Should states rely on the National Bureau of Statistics figures? The answer is yes, if they want to generate quality statistics that are objective, timely, effective, and in line with its objectives. Besides, statistics facilitate the creation of new knowledge. For instance, the Budget Office had put the performance of the 2017 budget at over 40 per cent, a position the Senate disproved with its own facts. Without its own facts, it wouldn't have debunked the Budget Office claims. While the Federal Government was claiming 40 per cent, the Senate figure showed a budget performance of 15 per cent. While there is need for collaborative efforts, the fact remains that the Federal Government focus would always differ from that of states, because their motivations are different. 

So when the Kaduna State Government Development Plan 2020 indicates that the state needs about N638.7 billion to address its infrastructural challenge - which doesn’t include maintenance costs - it is standing on solid grounds, a result of studies. That is unlike the whimsical statement by Lagos State Governor, Akinwunmi Ambode. 

At a lecture he delivered in Harvard University, October last year, Ambode unveiled a plan to create at least 250,000 jobs per annum. This is fine on paper: but how? And this is because he lacks the vital figures. Undoubtedly, Lagos needs to create a 1 million job; but in what area: in knowledge or agriculture? These are the unanswered questions. 

But, statistics is not the end of the matter, if the commitment and goal is enhanced service delivery, then the states must imbibe retreats. Because retreats provide leaders an opportunity to lead, to clarify the mission, to ask for and weigh ideas, step back and look at how the team is performing, and discuss changes to improve the necessary areas. And Kaduna State under el-Rufai has done well in engaging government officials in more collaborative and generative ways. Retreats focused on assessing the performance of the last one year and the next one year, became routine since he became governor. The outcome of leadership is service, and the results are glaring better organisational structure and solid foundation.

In 2015, the Kaduna State Executive Council declared a data revolution and has since invested heavily in establishing the state statistical system. And to fill the gaping hole in the state’s data, the Bureau has conducted a range of innovative new surveys in critical sectors - health, labour, living standards. Currently, it is working on attracting more local and foreign investment to the agricultural sector. The Re-Validation of Agricultural Investment Plan would help the government to provide the needed impetus in the area of infrastructure, land availability and financing for both small-holder and large-scale farming in the state. Gradually, the state has institutionalised the role of data in planning and monitoring of government policies.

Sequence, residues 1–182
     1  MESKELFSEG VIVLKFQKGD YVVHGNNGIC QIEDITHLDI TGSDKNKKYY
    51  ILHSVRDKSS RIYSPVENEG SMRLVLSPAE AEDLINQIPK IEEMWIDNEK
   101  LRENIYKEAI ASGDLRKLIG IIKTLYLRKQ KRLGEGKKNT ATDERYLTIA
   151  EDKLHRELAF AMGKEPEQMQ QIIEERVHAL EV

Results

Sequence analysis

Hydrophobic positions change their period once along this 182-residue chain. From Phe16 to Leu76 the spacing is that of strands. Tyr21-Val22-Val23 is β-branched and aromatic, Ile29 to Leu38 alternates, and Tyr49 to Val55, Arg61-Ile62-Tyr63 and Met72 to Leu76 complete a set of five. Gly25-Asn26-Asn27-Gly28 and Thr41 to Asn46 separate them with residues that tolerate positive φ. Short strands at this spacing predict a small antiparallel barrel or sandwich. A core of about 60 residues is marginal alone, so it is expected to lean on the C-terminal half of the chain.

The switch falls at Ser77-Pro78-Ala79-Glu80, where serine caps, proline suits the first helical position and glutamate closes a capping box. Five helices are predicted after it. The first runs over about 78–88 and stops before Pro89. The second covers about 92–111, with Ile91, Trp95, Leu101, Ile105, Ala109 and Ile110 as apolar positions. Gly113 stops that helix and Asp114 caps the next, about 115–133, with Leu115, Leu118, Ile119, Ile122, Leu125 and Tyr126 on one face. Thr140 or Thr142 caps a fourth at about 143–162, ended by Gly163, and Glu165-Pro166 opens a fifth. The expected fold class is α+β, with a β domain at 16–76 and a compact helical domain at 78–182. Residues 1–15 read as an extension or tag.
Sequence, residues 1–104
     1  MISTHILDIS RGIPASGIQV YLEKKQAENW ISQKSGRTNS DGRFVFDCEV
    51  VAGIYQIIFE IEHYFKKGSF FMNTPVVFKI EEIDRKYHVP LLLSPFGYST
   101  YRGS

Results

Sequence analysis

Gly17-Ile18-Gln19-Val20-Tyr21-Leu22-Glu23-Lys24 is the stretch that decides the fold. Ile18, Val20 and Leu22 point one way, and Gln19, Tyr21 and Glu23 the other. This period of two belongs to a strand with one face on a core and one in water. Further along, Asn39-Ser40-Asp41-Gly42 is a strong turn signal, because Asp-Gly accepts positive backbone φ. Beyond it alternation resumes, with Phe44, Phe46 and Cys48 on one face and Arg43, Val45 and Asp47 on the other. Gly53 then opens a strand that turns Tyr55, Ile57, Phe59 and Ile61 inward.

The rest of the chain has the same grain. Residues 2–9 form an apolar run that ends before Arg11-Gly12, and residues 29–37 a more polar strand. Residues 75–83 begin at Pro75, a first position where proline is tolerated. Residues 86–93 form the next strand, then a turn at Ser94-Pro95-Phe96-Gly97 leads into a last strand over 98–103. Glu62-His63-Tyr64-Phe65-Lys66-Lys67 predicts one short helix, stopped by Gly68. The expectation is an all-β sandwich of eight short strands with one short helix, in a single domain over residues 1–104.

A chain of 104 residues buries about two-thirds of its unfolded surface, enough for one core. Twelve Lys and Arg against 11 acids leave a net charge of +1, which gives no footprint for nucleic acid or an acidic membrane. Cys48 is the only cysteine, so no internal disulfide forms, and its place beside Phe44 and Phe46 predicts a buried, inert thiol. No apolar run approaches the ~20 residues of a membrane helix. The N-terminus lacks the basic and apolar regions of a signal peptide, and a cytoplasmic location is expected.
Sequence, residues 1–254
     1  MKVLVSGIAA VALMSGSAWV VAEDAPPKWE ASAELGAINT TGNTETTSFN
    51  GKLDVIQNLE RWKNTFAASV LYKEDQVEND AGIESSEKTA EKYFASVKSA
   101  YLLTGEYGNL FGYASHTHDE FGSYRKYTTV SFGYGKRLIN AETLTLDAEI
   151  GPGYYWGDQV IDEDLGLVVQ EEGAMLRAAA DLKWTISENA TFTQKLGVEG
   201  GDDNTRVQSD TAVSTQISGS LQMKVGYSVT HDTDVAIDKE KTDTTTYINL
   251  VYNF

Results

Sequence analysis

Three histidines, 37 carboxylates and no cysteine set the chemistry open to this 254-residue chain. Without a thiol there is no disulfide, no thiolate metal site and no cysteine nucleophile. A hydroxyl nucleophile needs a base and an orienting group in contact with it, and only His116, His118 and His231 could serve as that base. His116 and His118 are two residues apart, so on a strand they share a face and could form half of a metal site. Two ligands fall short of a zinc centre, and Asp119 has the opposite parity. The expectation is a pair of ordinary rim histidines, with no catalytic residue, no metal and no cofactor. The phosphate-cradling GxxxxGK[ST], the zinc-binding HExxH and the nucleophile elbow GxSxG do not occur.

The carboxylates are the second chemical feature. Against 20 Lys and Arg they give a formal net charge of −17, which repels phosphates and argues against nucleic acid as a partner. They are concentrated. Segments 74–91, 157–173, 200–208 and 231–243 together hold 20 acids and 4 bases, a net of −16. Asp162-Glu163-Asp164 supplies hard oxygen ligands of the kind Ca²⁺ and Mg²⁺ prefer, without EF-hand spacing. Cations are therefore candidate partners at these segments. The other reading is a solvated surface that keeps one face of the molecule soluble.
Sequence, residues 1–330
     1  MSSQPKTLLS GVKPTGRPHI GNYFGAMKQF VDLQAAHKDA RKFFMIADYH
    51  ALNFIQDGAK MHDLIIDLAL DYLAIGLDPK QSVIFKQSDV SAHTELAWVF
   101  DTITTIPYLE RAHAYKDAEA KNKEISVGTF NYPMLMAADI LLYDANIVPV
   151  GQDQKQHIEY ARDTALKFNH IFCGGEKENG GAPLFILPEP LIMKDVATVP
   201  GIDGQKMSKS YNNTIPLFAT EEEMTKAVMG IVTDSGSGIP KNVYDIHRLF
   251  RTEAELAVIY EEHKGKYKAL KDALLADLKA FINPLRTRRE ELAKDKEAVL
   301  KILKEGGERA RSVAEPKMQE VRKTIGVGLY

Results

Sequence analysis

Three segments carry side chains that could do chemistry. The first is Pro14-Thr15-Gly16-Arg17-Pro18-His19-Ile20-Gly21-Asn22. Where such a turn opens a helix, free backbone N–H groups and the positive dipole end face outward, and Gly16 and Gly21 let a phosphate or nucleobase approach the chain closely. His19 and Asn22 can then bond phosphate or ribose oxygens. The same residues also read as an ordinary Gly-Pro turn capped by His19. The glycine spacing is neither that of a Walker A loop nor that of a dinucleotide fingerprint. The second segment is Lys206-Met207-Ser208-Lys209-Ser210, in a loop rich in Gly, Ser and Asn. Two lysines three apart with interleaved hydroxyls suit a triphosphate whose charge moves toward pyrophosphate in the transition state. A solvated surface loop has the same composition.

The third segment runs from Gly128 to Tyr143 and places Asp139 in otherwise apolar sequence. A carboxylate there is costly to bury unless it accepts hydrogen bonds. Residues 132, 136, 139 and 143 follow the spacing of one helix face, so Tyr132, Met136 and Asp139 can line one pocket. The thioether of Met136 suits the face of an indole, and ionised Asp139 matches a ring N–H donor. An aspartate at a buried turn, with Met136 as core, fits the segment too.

The United Nations didn't do Kaduna State a favour when in 2017 it invited the state to present its Sustainable Development Goals (SDGs) report at the UN General Assembly, thus becoming the sub-national government in the world to launch its SDGs data and strategy development, which highlighted key policy actions.

And these are integrated into the 2016-2020 Kaduna State Development Plan. The objective is to improve the lives of residents of the state, by providing comprehensive targets for all aspects of development and coordinating the efforts of all actors. If all goes well, Kaduna hopes to achieve its potentials by 2030. The modest gains Kaduna State has recorded in its desire to achieve inclusive economic growth and socio-economic transformation that translates into substantial improvements in the quality of lives of citizens, through higher productivity and competitiveness are attributable to planning. And, that is planning with hard facts.

•Emmanuel Ado is a Kaduna-based journalist. He can be reached via mayad497@yahoo.com

Source: News Express